Water, it doesn’t just grow on trees!…

Written by: Marvin Baker

Call it climate change, call it a long-term weather cycle, you can even call it a coincidence. We can argue about it all day and make it a political football. But there is no doubt water is becoming a serious issue in the western United States, despite recent heavy rain and snow in California.

This drought phenomenon has been discussed, on record, here in North Dakota, for at least 20 years, but people appear to be disinterested.

In 2003, a group of North Dakota and eastern Montana farmers attended a first meeting of its kind at the Williston Research Extension Center that outlined a shortage of water out west. That meeting focused on the Colorado River and it’s depletion.
The angle of the meeting was such that producers ought to start thinking about commercially growing some of the crops commonly grown in California and Arizona that could easily grow here. Carrots, onions, broccoli, cabbage and garlic were among the choices listed.

Since that time, there have been numerous lawsuits because of the depletion of the Colorado River. Whether you agree or not, the water in that river has become quite precious. It supplies the entire city of Los Angeles as well as numerous other cities in California, Nevada and Arizona.

It’s also a major irrigation pipeline and that’s why the presenters at the Ernie French Center in Williston were so adamant about putting a bug in the ear of northern farmers. Thousand-cow dairies should also be mentioned here. If you’ve ever been around a dairy farm, you know they use an awful lot of water. Now, image 1,000 cows on a dairy farm.
Fast forward to now. The city of Scottsdale, Arizona is being sued by the community of Del Rio because Scottsdale had been supplying water to Del Rio until now. Scottsdale city leadership has decided that the water for their city is too precious to share with Del Rio.

Unfortunately, Del Rio doesn’t have an alternate water supply and one homeowner said his water supply will dry up in two weeks. There are also vineyards at Del Rio that need to be irrigated. What happens to them? Arizona doesn’t receive enough rain, so they will, in effect, dry up without that water.

This unstable circumstance in the southwest could be a gold mine for North Dakota and eastern Montana. There appears to be plenty of water here, well maybe not like Indiana or Ohio, but enough to sustain most crops without irrigation.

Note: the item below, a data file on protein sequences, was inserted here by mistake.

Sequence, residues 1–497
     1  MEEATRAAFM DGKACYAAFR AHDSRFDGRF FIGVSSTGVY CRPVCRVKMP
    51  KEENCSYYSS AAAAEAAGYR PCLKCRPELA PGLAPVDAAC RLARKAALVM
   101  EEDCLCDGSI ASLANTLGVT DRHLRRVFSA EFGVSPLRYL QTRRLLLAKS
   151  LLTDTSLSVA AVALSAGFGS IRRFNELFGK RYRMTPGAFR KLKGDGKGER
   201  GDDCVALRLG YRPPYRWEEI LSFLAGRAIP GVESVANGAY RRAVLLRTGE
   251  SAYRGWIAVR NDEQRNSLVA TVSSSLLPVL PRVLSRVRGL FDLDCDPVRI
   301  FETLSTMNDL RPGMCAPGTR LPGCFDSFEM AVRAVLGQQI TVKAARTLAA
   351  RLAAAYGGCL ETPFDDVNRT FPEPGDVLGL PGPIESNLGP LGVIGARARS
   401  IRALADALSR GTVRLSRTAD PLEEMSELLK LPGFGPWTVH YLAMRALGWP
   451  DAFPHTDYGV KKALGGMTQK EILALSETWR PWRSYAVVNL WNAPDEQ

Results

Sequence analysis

So why aren’t dairy farms popping up here? Why aren’t more farmers switching over to crops like onions and carrots? Why do we continue the status quo, appearing to ignore what is happening in the southwest?
Experts say it’s because farmers on the northern Great Plains are established and have spent beaucoup dineros on equipment.

There is, however, an answer for that. Professors at the University of California-Davis have gone on record to say they would be willing to assist with transition, at least with their knowlege of what they know from growing crops in California.
It’s unclear what the Williston Research Extension Center’s stance is on this issue today. But, if enough people were interested, they would certainly take the lead from UC-Davis to get things up and running across the northern Great Plains, one would think.

There are a few producers who have been successful growing vegetables on a large scale in North Dakota. Onions, cabbage, carrots, pumpkins and even mint have all grown well here. So why doesn’t it continue? It’s just a lot easier to take wheat and barley to the elevator.

In reality, farmers don’t have the means to establish markets themselves or to process said products for shipment. That might be over the heads of leadership at UC-Davis, but that’s what needs to happen in this chicken and egg scenario.
Potentially there’s a lot of money that could be made. As an example, the net gain on an acre of wheat is about $40 and barley is $27. The net gain on an acre of onions is $1,200. The net gain on garlic is $2,100. Net gain on cabbage is about $4,300. And pumpkins have a wide range of profit potential, from $1,500 an acre up to $6,000.

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